Leo Burnett has announced that it will be closing it's New York office after only four years in operation. The office opened in February 2011, and until recently held a staff roster including CCO Jay Benjamin who left in April for Saatchi & Saatchi New York, ECD Michael Canning who left in July to accept a GCD role at 72andSunny, and managing director Tom Flanagan, who left in January. The New York shop reportedly had no more than 15 staffers when the decision was made to shut the doors. The agency got off to a good start, with an extensive profile by Rupal Parekh of AdAge and coverage from Stuart Elliott of The New York Times, but it transpires that even one of the world's most celebrated advertising agencies can struggle to make it in The Big Apple.
Leo Burnett has announced that it will be closing it's New York office after only four years in operation
Leo Burnett, which has always been seen as a quintessentially Midwestern agency, evidently ended up being a poor fit with the atmosphere of New York. Still, in the early days it appeared as if the office might be a success, with some great work on the fast-growing Chobani yogurt account, however the agency's relationship with that brand would prove to be short-lived. Once Chobani had severed ties with them, it was (mostly) all downhill from there.
“Leo Burnett has decided to close Leo Burnett New York to focus on growth opportunities with Rokkan” reads the official statement
Leo Burnett Chicago's CCO Susan Credle had a great deal of experience in the New York ad scene, having spent most of her career working her way up the industry ladder at BBDO New York before she took the creative helm at Burnett in Chicago in 2009. However, even with Credle's expertise and experience, many clients probably wondered why they should take their business to a Midwestern shop based in New York, when they could go to an agency like BBDO that already had a major presence in the city. In essence, they were victims of their own success. That's not to say Leo Burnett didn't make a concerted effort to ingratiate themselves with New York though. In fact, the agency's history is closely linked to apples (“Big Apple,” see what I did there?), with founder Leo Burnett first putting out a bowl of red apples at reception as a symbol of hospitality during the Great Depression. The agency continues that tradition to this day, and uses the apple as an official symbol in many situations, but it appears the apple connection just wasn't enough.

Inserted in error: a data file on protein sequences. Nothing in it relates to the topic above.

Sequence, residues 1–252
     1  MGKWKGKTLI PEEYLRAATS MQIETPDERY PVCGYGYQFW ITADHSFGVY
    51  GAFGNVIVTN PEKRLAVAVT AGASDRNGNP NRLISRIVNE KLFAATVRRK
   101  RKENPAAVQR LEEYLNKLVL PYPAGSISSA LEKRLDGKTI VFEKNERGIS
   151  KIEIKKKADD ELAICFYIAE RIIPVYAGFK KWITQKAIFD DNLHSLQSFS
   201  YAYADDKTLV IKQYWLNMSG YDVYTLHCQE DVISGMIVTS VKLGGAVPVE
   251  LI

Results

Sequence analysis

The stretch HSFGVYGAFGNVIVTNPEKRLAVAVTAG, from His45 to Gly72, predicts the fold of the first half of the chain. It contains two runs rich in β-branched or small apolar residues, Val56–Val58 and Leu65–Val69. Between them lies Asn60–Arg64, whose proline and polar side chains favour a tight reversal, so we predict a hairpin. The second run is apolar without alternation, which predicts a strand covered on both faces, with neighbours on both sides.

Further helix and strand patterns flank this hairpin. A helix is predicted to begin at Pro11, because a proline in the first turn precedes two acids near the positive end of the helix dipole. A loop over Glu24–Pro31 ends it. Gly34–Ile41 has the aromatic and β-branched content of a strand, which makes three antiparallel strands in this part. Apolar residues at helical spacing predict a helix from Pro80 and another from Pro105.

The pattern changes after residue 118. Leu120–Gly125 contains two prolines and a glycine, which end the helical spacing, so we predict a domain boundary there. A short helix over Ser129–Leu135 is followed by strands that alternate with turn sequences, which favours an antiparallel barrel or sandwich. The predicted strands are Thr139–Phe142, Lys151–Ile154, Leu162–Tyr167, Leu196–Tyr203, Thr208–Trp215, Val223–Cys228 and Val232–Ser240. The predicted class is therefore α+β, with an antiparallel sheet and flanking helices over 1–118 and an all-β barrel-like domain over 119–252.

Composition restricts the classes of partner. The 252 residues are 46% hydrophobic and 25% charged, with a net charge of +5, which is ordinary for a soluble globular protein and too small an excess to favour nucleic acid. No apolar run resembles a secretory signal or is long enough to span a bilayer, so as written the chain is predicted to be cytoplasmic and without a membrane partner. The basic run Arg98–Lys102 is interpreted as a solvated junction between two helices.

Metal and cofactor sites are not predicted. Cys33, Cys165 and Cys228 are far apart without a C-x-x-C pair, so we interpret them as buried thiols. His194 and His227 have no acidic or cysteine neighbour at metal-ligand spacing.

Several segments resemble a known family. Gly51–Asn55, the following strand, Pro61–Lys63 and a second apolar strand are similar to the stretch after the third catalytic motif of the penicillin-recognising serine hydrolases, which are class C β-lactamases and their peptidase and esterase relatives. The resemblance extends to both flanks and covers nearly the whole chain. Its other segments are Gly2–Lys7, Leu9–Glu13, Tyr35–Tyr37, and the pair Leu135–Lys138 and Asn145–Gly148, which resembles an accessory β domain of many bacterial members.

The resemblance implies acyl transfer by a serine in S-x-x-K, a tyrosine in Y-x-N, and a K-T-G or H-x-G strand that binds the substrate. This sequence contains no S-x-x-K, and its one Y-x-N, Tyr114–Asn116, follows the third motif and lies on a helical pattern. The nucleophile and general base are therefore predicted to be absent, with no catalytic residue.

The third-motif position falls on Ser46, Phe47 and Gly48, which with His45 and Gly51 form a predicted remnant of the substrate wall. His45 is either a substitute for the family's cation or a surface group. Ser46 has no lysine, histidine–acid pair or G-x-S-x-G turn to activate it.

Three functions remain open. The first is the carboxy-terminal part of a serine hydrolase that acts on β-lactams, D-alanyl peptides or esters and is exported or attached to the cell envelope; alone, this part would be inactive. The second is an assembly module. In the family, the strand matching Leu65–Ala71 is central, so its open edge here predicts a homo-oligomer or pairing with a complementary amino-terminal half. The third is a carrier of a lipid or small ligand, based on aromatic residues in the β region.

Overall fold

Clients might have wondered why they should take their business to a Midwestern shop based in New York
The official statement reads: “Leo Burnett has decided to close Leo Burnett New York to focus on growth opportunities with Rokkan, Leo Burnett Business, Leo Burnett Chicago and the broader global network. Leo Burnett New York created some of the most awarded, unconventional and talked-about work in the industry during its five years on Park Avenue. The company is very proud and thankful for the creativity and innovation that Leo Burnett New York put out into the world.”
Benjamin Hiorns is a freelance writer and musician from Kidderminster in the UK.